If the toxic lead paint scare wasn’t enough of a reason for you to consider getting rid of all of your children’s plastic toys, you might change your tune after you read about a new study that revealed high levels of industrial chemicals in children’s bodies. Children as young as 18 months and 5 years old showed “chemical exposure levels up to seven times those of their parents.” How did these kids end up with industrial chemicals in their bodies? How about from their toys, their furniture, their bottles, their pajamas.
When I first read the title of the article, Tests reveal high chemical levels in kids’ bodies, I had a feeling I knew where it was going, but the results were pretty alarming nonetheless.
“In 2004, the Hollands became the first intact nuclear family in the United States to undergo body burden testing. Rowan, at just 1Â½ years old, became the youngest child in the U.S. to be tested for chemical exposure with this method.
“He had two to three times the level of flame retardants in his body that’s been known to cause thyroid dysfunction in lab rats.”
…children up to six years old are most at risk because their vital organs and immune system are still developing and because they depend more heavily on their environments than adults do.”
Some of the chemicals the Holland children were tested for include:
Phthalates are the chemicals that make plastics soft and pliable. Phthalates disrupt hormone levels, cause neurological dysfunction and reproductive defects in lab rats. In preliminary human testing, phthalate exposure may be linked to genital birth defects in males and infertility problems in men.
Think about all of the soft plastic toys your baby may have (or have had in the past) – teething rings, toys on exersaucers, stackable rings, Fisher Price “Little People,” rubber ducks. Now think about how many of those toys go/went into your baby’s mouth. What about plastic eating utensils?
Flame retardants such as PBDEs are found in foam products like mattresses, couches, and carpets and electronic plastic casings. Liver, thyroid and neurological damage in lab rats. Studies on human toxicity have just begun.
Flame retardants are also on children’s pajamas.
Bisphenol A is a chemical used to make plastics hard. Found in baby bottles, hard water bottles, food containers. Study shows a link between bisphenol A and female reproductive disorders such as cystic ovaries and cancer. More research on children and adults recommended.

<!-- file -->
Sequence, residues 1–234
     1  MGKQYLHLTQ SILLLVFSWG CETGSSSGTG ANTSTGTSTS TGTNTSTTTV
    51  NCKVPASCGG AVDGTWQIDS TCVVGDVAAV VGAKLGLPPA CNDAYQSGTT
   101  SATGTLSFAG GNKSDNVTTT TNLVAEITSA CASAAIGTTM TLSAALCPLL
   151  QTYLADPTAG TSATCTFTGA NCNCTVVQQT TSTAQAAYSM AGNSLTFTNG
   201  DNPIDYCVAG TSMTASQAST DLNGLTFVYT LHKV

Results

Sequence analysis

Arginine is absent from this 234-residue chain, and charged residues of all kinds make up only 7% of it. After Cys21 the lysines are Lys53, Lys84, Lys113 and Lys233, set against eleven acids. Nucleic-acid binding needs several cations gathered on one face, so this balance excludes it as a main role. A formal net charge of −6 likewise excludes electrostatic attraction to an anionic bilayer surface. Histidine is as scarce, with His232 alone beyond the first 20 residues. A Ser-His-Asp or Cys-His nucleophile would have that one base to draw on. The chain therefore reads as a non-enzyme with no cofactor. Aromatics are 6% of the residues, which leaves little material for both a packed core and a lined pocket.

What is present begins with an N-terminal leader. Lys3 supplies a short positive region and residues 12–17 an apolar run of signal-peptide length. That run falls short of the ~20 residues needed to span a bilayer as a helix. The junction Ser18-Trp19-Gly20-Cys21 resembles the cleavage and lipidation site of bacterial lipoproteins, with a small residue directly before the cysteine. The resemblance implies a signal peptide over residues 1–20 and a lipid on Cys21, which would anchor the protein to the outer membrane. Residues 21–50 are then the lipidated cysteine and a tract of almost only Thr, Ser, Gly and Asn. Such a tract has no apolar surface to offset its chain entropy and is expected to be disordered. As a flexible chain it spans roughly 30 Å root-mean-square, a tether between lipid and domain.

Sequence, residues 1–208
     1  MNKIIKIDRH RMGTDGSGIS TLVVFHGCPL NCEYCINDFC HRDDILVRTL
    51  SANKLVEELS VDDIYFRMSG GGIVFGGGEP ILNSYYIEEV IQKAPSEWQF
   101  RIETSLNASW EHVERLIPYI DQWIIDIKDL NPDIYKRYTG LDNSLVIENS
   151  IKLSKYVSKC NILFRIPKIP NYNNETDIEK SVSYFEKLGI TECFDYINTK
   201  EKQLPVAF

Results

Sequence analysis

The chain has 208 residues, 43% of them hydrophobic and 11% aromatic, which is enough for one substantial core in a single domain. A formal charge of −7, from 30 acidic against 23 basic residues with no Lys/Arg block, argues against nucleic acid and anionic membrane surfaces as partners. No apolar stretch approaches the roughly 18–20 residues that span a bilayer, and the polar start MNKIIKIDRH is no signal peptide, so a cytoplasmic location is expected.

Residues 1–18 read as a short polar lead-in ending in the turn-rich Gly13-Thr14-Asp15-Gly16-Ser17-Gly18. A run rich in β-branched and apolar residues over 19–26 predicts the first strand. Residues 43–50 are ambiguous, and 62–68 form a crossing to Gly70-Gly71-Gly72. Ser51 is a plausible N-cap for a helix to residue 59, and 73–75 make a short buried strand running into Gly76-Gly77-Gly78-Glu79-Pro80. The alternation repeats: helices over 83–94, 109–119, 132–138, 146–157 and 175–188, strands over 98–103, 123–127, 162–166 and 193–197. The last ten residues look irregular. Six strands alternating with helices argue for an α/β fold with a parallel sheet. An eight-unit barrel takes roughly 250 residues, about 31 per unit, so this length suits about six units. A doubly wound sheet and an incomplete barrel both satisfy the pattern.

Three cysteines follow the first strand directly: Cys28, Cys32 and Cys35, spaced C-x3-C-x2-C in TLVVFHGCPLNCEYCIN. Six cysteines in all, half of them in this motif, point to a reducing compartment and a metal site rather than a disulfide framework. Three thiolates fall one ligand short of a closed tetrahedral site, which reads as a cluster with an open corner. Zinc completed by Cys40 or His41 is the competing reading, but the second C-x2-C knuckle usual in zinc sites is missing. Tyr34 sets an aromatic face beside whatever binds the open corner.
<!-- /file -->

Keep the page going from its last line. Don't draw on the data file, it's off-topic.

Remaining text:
PFOAs are chemicals used to make non-stick and stain-resistant products such as non-stick frying pans. Developmental problems and liver toxicity in lab rats. Some studies suggest PFOAs may be human carcinogens.
How many of us have stain-resistant sprays on our furniture or carpeting? Where do babies and kids spend most of their time? On the floor. On the stain-resistant carpet.
Fellow blogger and Coloradan Katja at Skimbaco wrote an excellent post about this very subject called Protect your child from the harmful chemicals in your home. She includes a list of things you can do to help keep your children safe. Rather than repeat all of her information over here, I highly suggest you pop over there and take a look. I was quite shocked to read that sex toys, of all things, have to have warning labels on them when they have high phthalate levels, yet children’s toys do not. How messed up is that?
So, what am I going to do about this in our home?
- For starters I’m going to try to avoid putting my children in flame retardant pajamas. Think about how much time your children spends in their PJs – at least half of their life, right? That’s a huge amount of exposure to PBDEs. (Read this article – “Inherently” Flame-Resistant Pajamas? – from The Green Guide for more information about pajama safety standards and what options you have other than pjs treated with flame retardants.)
- I’m also going to check into getting organic sheets for our beds. I’ve thought about it in the past, but haven’t pursued it yet.
- And I’m going to continue to purge the plastic toys from our house. We got a good start after the lead paint/made in China scare, but we need to keep at it. There are too many times that I look over at Julian to see him gnawing on a soft plastic something or other, and I remember it being that same way with Ava as well. I do know soft plastic toys can be made without phthalates, because Jody bought Ava one such squishy, squeaky toy when she was just a baby. On the bottom of “Vinnie the skinny hippo” (our name, not the actual name of the toy), it says “No Phthalates.” We used to joke about that odd word – phthalates – until we found out what it meant. Then we were glad to know that Vinnie was phthalate-free. I imagine that unless your soft plastic toy is marked with “no phthalates,” then it’s probably safe to assume it has them. (Just quickly, here’s one store that sells toys with safe (no phthalates) plastic – The Bunny Nest. I’m sure you can find more by doing a Google search. Updated to add: I came across the Cool Mom Picks Safer Toy Guide with tons of discount codes listed at the bottom. Also I just got the latest issue (Nov./Dec.) of Mothering magazine in the mail today. There’s an article called “Out of the Mouths of Babes” – a guide to non-toxic plastics, as well their annual toy review containing the Best Natural Toys of 2007 – I can’t wait to read them!)
I know I can’t protect my children from all of the toxins in the world. It’s simply impossible. But I believe I can protect them from dangerous chemicals by the products we choose to have or not have in our home. Even if the government isn’t going to ban them for their toxicity (like many other countries already have), this mama still can.
Knowledge is power.